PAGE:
The heart of his argument lies in the cumulative, collective effect of what individuals do online. Networking, shopping, dating and activism are all transformed by the engine of opportunity that is the internet. But those new links and choices produce a malign side effect: “filter bubbles”, inside which like-minded people shut themselves off from opinions that might challenge their assumptions. Insulation pushes groups towards more extreme opinions.

Sunstein’s organising principle is the ­difference between consumer and political sovereignty. The former promotes individual choice despite its possible consequences; the latter takes into account the needs of society as a whole. His inspiration is Jane Jacobs, the historian of US cities who celebrated, in poetic language, the benign and enriching effect on democracy of random encounters between citizens on pavements and in parks. How do we now reverse or dilute the polarisation driven by Facebook and Twitter?

The solutions Sunstein proposes for this very difficult problem are oddly tentative: websites stocked with challenging ideas and deliberative debates, voluntary self-regulation and “serendipity buttons”. He rightly stresses transparency: we know far too little about the algorithms that sift news for our attention on the networks. Facebook has talked about trying to show news that is “engaging” and “interesting”, without ever engaging in detailed public discussion of what these words mean. The disclosure requirements for social networks “require consideration”, Sunstein writes, without saying whether Facebook might have to be required legally to explain precisely how it routes news to almost two billion users.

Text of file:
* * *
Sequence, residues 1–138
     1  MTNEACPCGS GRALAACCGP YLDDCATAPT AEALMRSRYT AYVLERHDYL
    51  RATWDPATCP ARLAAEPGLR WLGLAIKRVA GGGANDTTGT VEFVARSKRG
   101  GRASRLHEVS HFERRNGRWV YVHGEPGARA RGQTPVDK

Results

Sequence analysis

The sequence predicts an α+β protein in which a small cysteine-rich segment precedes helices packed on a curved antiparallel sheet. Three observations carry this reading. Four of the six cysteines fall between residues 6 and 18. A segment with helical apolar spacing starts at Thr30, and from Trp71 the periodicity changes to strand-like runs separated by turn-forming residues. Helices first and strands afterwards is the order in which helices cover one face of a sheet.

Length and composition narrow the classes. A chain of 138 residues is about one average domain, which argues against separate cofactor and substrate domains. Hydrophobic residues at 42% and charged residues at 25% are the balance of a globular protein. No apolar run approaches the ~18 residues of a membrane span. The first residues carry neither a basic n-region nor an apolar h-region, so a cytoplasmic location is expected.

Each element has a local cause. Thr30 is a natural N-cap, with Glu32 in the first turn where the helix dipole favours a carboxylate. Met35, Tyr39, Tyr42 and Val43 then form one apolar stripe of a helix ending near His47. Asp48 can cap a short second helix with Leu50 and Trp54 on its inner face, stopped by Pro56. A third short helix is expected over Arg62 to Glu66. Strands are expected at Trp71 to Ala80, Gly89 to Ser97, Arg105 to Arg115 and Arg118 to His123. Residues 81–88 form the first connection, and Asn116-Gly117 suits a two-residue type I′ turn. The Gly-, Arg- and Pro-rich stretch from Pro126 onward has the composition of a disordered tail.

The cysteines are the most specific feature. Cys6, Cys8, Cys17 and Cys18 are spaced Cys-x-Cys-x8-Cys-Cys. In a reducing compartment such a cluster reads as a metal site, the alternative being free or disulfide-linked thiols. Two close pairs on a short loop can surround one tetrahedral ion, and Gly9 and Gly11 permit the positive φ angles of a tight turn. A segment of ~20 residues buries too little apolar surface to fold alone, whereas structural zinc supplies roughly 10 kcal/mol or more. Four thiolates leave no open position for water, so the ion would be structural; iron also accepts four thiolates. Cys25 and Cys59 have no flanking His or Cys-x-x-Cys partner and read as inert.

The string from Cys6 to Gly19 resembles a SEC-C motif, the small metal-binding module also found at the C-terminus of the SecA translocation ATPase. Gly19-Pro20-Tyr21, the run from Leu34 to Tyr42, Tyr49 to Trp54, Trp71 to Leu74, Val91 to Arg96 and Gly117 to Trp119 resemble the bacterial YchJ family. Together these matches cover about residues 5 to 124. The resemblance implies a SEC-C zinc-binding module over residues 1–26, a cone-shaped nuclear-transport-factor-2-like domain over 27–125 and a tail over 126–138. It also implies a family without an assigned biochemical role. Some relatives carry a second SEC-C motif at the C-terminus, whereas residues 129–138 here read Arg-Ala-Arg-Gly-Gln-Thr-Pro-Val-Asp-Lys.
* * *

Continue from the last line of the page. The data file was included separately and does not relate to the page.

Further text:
Sunstein’s most interesting arguments are myth-busters. He questions the “wisdom of crowds”, while refraining from pointing out directly that the single strongest argument against this idea is the inequality of opinions. Not all opinions are equally valuable. He warily suggests what only a very few American voices have so far dared to say: that the First Amendment to the constitution, which guarantees a free press, should not be treated – as the courts have recently tended to do – as an equally strong protection for the freedom of all speech.

Sunstein is nostalgic for the media system and regulation of the past. I spent years working for a daily “general-interest” newspaper (the Times) and regret the decline of those outlets as much as he does, yet there is no reversing the technological and economic changes that have undermined them. It might have been a mistake to deregulate television in the United States, and killing the “fairness doctrine” might have had unforeseen effects, but that does not deal with the dilemmas thrown up by WhatsApp or Weibo, the Chinese version of Twitter.